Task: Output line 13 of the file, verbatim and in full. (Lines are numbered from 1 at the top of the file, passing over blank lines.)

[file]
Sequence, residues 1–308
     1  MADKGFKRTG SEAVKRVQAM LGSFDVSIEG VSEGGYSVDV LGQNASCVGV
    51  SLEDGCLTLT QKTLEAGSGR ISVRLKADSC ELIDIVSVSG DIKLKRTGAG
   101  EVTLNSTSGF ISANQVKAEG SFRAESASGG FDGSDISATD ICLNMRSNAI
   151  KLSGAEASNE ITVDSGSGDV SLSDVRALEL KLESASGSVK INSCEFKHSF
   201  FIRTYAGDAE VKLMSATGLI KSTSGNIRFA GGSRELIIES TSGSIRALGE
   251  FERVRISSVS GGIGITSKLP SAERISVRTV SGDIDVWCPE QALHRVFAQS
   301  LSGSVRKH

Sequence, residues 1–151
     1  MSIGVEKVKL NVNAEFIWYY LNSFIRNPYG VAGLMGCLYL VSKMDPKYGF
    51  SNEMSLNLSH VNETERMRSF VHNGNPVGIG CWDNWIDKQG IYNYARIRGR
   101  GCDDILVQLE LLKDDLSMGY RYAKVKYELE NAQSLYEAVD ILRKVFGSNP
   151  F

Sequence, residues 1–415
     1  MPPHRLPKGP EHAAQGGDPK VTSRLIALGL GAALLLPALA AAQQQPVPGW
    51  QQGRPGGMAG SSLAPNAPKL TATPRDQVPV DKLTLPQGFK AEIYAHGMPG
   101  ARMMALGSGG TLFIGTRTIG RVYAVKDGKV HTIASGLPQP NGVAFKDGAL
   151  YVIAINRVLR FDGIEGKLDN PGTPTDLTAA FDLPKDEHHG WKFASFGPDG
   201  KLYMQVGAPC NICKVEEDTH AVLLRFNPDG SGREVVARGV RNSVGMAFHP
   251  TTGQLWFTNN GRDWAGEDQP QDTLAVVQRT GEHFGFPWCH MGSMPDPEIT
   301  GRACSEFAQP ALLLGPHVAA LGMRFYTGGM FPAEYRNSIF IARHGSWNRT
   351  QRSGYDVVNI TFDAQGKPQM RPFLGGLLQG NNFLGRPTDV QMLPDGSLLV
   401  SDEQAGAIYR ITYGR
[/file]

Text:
   151  F